Alfred Schnittke and Arvo Pärt lived through times of remarkable change in the last decades of the Soviet Union. From the 1970s, state restrictions on religion were gradually relaxed and this was reflected in the arts and especially in music. Schnittke’s adoption of Christianity was triggered by the death of his mother in 1972, and culminated in his later conversion to Catholicism. Pärt was from a nominally Lutheran background in Estonia, but embraced the Orthodox faith in the 1970s, following intensive study of liturgical music. Both composers began to incorporate religious themes into their work, moving away from the modernist abstraction that had characterized their early careers.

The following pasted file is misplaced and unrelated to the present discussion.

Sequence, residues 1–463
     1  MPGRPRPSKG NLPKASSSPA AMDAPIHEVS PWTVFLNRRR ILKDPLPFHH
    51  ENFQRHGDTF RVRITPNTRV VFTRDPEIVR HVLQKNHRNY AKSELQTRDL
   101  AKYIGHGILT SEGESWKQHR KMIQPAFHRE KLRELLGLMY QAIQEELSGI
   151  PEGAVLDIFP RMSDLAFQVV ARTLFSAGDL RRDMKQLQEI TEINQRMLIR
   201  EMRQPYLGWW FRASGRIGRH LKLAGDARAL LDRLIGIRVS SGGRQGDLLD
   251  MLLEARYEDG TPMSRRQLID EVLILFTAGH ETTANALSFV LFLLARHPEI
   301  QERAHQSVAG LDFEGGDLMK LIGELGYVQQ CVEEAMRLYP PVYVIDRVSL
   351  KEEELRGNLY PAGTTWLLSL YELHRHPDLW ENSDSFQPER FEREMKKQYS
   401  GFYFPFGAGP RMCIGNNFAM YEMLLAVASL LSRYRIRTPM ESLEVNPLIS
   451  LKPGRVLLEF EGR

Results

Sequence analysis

Schnittke’s large-scale Psalms of Repentance were composed in 1988 for the celebrations for the millennium of Christianity in Russia. The texts come from an anonymous collection of poems for Lent, written in the 16th century, and in his settings Schnittke engages with the traditions of chant-based Orthodox liturgical music. The Estonian Philharmonic Chamber Choir and Kaspars Putniņš have chosen to combine Schnittke’s Psalms with two shorter works by Arvo Pärt, whose music they are well-known exponents of. Like the Psalms, Pärt’s pieces are composed in a quasi-liturgical style, and with its serene atmosphere, his Nunc dimittis forms a natural counterpart to the Magnificat even though the two were written more than a decade apart.
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